“We want to go back but we don’t have a house,” she says.
There are no toilets and no way to earn money. Food and other supplies are scarce, but Thai authorities have refused to allow international NGOs and UNHCR access to the refugees.
“Thai authorities have said they have resources to respond, and INGOs and the UN will not have access to them,” says Thompson of the Border Consortium. “Thai authorities are making it a very basic, low-visibility response.”
Most of the help came from local Thai community groups. Phoe Thingyan of the Overseas Irrawaddy Association says his group sends 1,000 boxes of rice every morning and evening to the refugees, but had to ask the Thai military for permission to accept donations.
The Thai military won’t even acknowledge the existence of Myanmar refugees in Thailand because that alone might upset Myanmar’s military leaders, says Patrick Phongsathorn, a human rights specialist with Asia-based group Fortify Rights. .
“The Thai army intends to control the situation, to control the narrative, because it is obvious that they have a political skin in the game, in what is happening in Myanmar,” he says. “They are very close to the Burmese junta authorities.”
Somchai, the Thai governor, seemed to allude to this: “When the fighting stopped, they had to go back,” he said of the refugees Thailand sent back. “Otherwise, it could be a sensitive issue for relations between the two countries.”
The Thai military declined to comment.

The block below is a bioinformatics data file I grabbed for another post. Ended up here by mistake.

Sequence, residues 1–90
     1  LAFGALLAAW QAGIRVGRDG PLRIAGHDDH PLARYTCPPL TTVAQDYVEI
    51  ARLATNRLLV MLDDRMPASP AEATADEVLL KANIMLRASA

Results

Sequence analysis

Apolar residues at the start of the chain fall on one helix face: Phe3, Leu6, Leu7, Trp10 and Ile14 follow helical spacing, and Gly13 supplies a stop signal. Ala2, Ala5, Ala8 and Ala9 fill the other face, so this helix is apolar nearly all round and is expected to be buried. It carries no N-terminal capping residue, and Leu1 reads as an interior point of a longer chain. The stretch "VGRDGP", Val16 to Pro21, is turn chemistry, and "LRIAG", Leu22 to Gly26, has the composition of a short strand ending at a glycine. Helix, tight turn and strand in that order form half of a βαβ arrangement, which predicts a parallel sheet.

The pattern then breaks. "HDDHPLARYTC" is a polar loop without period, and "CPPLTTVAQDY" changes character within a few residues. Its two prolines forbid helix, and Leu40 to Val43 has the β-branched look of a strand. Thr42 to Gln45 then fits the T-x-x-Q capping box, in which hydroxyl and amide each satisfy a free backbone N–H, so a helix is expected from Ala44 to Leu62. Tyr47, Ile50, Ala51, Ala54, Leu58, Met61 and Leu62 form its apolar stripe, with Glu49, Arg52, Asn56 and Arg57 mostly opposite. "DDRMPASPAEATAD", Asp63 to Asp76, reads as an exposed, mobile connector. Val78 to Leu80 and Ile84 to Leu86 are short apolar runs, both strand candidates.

Those who remain in Thailand find themselves in not only physical but legal limbo, vulnerable to exploitation. A Myanmar refugee in Thailand who spoke to the AP said “police cards” – unofficial documents that allow displaced people to avoid arrest or deportation – are purchased monthly by middlemen for an average cost of 350 Thai baht ($10). The cards are marked with a photo or symbol indicating that the holders have paid the last monthly bribe.
Without these cards, refugees risk further harassment or possible arrest by Thai authorities.
“They will take you to the police station and they will check your papers, test your urine for drug use,” says the refugee, whose name is withheld by the AP for security reasons. “The police intimidate people, and cards are the easiest way to avoid that.”
Tanee, the Foreign Affairs spokesman, said the government “categorically denies” any extortion or bribery.
Although Win, 23, and his family initially pitched their tent on the Thai side of the river, Thai authorities quickly turned them away. The chemistry student now regularly crosses the river in chest-deep water to collect food, clothing and other items donated from the Thai side. Then he turns around and walks back to his campsite in Myanmar, where he lives alongside around 300 other refugees, including children and the elderly.
They survive, but barely. What he wants more than anything, he says, is the one thing he can’t have.
“I just want to go home,” he said. “I don’t want anything else.”
Gelineau reported from Sydney.